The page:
Language & Semantic Systems
Understanding language, whether it is written, spoken, or implied by action, is an essential capability in many analytical systems. Central to understanding language in humans and machines are the areas of computational linguistics and formal semantic representation. Our work in computational linguistics is focused on building and integrating linguistic analysis components (such as named entity recognition, affect analysis, event recognition, word sense disambiguation, etc.) into analytical systems to aid in situational awareness. In addition to relying on existing software, we have significant research programs in frame analysis, sentiment detection, temporal reasoning, and participant profiling.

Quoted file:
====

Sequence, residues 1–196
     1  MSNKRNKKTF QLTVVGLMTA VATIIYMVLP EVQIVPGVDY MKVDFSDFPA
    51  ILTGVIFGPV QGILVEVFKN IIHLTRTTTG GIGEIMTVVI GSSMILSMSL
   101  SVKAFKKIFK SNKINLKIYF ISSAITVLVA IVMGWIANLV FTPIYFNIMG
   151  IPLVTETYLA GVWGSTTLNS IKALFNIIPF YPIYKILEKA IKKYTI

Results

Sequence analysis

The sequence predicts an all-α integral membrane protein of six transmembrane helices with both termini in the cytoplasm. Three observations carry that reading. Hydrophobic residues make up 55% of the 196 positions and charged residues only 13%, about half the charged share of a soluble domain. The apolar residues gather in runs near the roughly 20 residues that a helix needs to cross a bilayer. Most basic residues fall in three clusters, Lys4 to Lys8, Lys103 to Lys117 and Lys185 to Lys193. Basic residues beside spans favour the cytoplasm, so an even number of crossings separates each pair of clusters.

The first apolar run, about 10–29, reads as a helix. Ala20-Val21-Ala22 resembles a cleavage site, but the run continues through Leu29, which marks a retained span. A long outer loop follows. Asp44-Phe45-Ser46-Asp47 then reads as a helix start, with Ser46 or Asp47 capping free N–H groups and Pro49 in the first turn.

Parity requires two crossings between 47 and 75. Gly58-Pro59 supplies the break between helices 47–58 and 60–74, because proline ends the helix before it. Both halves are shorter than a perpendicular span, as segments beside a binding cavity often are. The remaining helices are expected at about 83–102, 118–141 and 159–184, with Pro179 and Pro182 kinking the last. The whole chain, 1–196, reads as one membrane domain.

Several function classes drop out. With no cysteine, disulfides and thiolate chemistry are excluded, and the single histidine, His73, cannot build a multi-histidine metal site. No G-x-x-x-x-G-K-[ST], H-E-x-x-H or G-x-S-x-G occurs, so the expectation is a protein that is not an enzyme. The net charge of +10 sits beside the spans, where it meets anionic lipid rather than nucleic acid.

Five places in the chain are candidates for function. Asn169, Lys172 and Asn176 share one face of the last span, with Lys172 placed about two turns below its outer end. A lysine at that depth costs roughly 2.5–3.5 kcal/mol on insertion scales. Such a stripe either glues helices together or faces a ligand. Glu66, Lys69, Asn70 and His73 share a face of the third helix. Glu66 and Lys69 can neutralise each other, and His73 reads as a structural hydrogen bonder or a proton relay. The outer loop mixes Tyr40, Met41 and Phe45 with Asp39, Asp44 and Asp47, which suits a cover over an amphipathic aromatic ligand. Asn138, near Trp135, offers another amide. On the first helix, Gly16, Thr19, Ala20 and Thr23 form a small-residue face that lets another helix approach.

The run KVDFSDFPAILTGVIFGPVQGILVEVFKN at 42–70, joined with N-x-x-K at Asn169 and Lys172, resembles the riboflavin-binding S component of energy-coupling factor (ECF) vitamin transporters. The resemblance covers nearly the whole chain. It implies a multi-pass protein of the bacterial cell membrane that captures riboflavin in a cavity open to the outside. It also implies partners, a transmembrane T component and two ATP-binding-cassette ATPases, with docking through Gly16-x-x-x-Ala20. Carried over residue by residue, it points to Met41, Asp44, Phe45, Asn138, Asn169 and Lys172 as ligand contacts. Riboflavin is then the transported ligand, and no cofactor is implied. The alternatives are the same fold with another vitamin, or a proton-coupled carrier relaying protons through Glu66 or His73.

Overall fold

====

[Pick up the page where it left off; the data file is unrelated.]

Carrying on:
Formal representations of language data is necessary for complex reasoning tasks. Concepts like "semantic computing" and "semantic search" refer to computational techniques that use knowledge representation and deep linkage into the referents of information tokens in language (e.g., dictionaries, thesauri, ontologies) and in data resources (e.g., libraries, databases, and web-based repositories). Perhaps the best-known sense is in the "semantic web." Our work in this area ranges from infusion of taxonomy-based user interfaces, which help to guide the user through navigational tasks, to full-blown, ontology-based reasoning systems and the foundations of ontology technology. We work in domains ranging from biomedical to intelligence applications. We envision that semantic technologies could be applied in fields as diverse as intelligence analysis, data visualization, engineering simulation and modeling, and navigating environmental information.